• What are the possible risks of taking part?
    We do not anticipate any risks to participation in this study.
  • What is the deadline to take part in the PINF Index?
    The online survey opens on 17 February 2021 and will close on 17 March 2021. We expect to publish the findings in July 2021.
  • Can I withdraw from the study if I decide not to take part?
    You can end your participation in the study at any point, by closing the survey tab.
  • Will I have access to the findings?
    You will be able to request a copy of the findings, by emailing CMilburn-Curtis@uclan.ac.uk
  • Who is organising and funding the PINF Index?
    The research for the PINF Index will be carried out by Clare Cook and Dr Coral Milburn-Curtis of the Media Innovation Studio at the University of Central Lancashire (UCLAN). It is funded by PINF. More information about PINF's budget can be found here.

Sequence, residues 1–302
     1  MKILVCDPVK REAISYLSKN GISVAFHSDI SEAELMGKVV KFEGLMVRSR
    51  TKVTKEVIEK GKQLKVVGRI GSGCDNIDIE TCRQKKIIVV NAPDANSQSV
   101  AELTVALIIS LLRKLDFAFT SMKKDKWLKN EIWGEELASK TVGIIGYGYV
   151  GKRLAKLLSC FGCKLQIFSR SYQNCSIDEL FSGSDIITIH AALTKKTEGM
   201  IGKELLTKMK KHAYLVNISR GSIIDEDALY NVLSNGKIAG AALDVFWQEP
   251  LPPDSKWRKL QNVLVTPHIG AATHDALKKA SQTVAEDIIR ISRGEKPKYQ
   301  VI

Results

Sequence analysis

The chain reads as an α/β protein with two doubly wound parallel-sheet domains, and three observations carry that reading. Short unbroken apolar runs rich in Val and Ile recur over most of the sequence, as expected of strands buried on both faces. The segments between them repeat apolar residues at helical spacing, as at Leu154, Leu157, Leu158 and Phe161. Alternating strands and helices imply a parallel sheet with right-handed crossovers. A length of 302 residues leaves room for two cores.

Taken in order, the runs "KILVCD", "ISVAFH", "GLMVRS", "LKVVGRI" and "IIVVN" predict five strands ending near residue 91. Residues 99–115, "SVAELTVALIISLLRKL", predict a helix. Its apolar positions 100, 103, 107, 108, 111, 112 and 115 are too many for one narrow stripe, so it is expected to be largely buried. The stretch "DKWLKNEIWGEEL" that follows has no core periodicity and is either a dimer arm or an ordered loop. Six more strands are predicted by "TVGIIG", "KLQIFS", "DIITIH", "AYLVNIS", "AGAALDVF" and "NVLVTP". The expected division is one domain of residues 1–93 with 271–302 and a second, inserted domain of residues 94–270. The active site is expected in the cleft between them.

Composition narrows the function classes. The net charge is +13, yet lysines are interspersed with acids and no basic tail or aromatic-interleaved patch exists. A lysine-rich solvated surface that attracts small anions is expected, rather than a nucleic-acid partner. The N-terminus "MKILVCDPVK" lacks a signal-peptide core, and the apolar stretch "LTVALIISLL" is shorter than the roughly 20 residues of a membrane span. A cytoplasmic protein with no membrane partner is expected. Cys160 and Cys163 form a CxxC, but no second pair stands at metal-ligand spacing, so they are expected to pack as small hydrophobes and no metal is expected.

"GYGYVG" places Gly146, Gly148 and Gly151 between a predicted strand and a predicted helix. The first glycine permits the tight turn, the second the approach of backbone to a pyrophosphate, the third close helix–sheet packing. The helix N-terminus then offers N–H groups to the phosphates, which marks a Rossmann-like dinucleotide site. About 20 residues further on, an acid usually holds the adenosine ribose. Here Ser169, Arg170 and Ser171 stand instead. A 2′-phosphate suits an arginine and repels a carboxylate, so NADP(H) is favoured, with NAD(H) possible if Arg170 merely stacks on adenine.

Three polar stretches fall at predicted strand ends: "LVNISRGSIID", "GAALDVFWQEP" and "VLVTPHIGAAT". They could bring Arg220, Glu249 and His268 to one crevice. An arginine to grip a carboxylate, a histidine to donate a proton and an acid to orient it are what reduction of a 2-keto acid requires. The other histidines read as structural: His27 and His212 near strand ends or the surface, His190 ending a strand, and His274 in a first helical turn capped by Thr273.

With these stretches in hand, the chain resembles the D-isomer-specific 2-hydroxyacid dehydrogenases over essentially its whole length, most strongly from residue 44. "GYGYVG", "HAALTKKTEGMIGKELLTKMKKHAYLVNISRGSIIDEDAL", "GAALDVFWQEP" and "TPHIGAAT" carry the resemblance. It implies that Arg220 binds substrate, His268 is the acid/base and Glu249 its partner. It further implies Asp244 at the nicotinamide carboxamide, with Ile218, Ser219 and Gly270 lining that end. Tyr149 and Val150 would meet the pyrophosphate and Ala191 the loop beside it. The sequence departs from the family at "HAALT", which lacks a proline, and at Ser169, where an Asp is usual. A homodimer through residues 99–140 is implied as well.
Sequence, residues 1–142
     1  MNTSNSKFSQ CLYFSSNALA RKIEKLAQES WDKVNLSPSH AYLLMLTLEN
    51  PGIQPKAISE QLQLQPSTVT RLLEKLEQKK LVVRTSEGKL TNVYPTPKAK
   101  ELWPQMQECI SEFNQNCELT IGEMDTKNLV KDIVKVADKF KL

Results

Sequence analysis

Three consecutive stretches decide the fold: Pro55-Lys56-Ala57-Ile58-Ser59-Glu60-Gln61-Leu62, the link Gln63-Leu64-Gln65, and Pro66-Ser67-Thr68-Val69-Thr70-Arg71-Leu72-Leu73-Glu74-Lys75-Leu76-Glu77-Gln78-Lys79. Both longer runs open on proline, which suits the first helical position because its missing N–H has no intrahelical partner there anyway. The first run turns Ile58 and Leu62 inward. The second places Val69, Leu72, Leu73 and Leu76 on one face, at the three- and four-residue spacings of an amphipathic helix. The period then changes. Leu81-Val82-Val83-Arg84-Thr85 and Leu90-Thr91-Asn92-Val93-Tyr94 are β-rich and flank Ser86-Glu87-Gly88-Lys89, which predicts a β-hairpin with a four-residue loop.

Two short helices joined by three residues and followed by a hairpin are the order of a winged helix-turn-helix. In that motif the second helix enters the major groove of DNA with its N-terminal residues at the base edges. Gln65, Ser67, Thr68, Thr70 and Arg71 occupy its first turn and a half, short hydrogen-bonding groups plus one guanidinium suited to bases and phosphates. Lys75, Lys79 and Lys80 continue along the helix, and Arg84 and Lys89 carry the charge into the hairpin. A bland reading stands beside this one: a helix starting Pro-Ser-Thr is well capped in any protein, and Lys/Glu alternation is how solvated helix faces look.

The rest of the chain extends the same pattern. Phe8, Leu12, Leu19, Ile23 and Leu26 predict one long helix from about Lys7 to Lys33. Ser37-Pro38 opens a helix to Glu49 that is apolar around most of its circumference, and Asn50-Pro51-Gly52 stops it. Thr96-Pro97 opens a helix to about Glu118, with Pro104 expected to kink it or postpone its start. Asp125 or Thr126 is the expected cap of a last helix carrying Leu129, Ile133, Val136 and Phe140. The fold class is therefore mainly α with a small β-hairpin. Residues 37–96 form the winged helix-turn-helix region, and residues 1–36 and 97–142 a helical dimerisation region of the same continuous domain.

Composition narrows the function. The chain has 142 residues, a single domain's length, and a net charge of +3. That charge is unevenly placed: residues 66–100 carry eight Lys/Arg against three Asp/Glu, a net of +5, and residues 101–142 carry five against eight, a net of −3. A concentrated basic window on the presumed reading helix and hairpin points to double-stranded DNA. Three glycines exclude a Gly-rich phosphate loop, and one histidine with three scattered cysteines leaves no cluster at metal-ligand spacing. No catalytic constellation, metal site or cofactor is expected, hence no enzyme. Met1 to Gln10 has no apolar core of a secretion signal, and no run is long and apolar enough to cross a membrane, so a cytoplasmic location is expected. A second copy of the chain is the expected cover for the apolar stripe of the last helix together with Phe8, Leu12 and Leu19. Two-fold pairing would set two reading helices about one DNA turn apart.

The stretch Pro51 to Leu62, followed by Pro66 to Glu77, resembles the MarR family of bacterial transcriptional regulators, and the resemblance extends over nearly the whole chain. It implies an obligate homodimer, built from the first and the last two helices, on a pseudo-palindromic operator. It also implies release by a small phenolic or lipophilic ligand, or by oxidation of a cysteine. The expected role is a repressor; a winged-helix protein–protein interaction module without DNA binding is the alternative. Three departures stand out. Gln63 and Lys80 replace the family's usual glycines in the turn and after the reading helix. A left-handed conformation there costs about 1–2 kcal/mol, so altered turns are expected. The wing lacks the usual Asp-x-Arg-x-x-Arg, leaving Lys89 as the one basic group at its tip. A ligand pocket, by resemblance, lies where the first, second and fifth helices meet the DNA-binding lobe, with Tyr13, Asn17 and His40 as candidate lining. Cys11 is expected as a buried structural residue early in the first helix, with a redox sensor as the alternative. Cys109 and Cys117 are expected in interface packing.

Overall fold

• Who has reviewed the study?
    The study has been reviewed and approved by UCLan’s Ethics Committee. If you have any concerns about the way in which the study has been conducted, you should contact UCLan’s Officer for Ethics (OfficerforEthics@uclan.ac.uk).
  • What will happen to the results of the PINF Index?
    Your participation in this project will contribute to range of practical and academic activities. In the first instance, it will help us gather evidence which will feed into policy, capacity building and funding work. The researchers also intend to use the data in related academic papers and presentations.
  • Who will have access to the PINF Index data?
    PINF will publish anonymised general findings and share aggregated data with academics, policy makers, funders and other partners. Survey responses may be shared with charity sponsors as part of the evaluation and analysis of the programme. No organisation-specific information will be shared publicly unless specifically authorised by a news publisher.